Dankprofessor’s Weblog

A weblog examining sexual politics in higher education and beyond.

From Consensual Relationships to Rape; the Ohio State University Work Group Report

 In my last post on OSU Work Group examination of the OSU policy on consensual sexual relations between faculty and students I may have presented too much as well as too little.  I may have presented too much in the context of having key points overlooked or lost in the mass of this material while at the same time accidentally omitting a key point.

First the dankprofessor must emphasize that the Working Group was appointed by the OSU President’s Council on Women.  The report of the Working Group was then forwarded to the President which led to the creation of the Task Force Examining the Policy on Consensual Relations which issued its report on July 11, 2005.  I have presented the first part of the Working Group report, the second part will follow in an upcoming post; the President’s Task force report will also be examined in an upcoming post.

It should be emphasized that the Work Group functioned to set the basic framework for a possible change in the OSU policy on prohibiting student professor sexual relationships.  What I did not report in my prior posting was the membership of the Work Group.  A listing of the membership follows-

Deborah A. Ballam, Associate Provost of Women’s Policy Initiatives; Director, The Women’s Place; Professor, Fisher College of Business
Olga Esquivel-Gonzalez, Interim Director, Consulting Services and Employee Relations
Rebecca Gurney, Graduate Administrative Associate, Rape Education and Prevention Program of the Multicultural Center
Eunice Hornsby, Assistant Director and OD Consultant, Organization and Human Resource Development
Beth Miglin, Partnership Coordinator, The Women’s Place
Deborah Schipper, Coordinator, Rape Education and Prevention Program of the Multicultural Center

Do note that two of the six members of the Work Group were involved in rape education; two other members were involved in the OSU group, The Women’s Place, and the remaining two were
involved in employee relations.  In the dankprofessor’s opinion, this group was formed with an expected outcome which would employ an anti-rape framework.  Why else have 1/3 of the membership coming out of anti-rape backgrounds?  Or the question can be formulated in the following manner, why on a committee formulating policy on consensual relationships would 1/3 of the membership be involved in rape prevention programs?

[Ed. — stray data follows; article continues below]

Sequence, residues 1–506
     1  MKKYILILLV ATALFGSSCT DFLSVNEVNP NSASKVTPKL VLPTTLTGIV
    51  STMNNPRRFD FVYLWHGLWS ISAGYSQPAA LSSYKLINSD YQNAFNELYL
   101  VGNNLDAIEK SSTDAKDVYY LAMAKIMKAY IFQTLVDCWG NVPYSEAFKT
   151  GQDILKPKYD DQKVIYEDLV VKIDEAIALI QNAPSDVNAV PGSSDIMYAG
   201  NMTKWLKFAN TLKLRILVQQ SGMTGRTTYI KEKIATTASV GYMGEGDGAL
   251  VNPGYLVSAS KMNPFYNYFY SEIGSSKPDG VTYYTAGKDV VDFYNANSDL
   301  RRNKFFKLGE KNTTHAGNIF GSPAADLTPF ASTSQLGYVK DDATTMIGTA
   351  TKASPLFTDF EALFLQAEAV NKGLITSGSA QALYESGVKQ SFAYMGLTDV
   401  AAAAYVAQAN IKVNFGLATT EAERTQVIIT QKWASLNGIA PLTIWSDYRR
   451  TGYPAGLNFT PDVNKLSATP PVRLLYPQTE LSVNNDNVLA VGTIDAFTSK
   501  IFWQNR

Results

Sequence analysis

Well, if one carefully reads over their report, it should become clear that the members do not believe that the concept of consensual relationships can be applicable to student professor sexual relationships.  The closest they come to employing the concept of consent is to use the concept of  “exploited consent” which in their terms I believe means that such consent would only occur in a power differentiated situation and that if the situation was not power differentiated the female student would then not consent.  As I indicated in my prior posting on OSU, there is absolutely no way of proving that such would be the case.  In any case, where you have one party involved in a sexual relationship who cannot provide consent, then one has a situation of rape or sexual assault.  This does not mean that the party did not verbally consent, but such does mean for them that the “consent” was coerced.  It is in this rape framework that the committee functions.  No wonder that the female student is never viewed as initiating any sexual relationship; faculty initiation functions as a default assumption for them which I find quite understandable since if one believes that one is dealing with a rape victim, it becomes almost axiomatic that the rape victim did not initiate.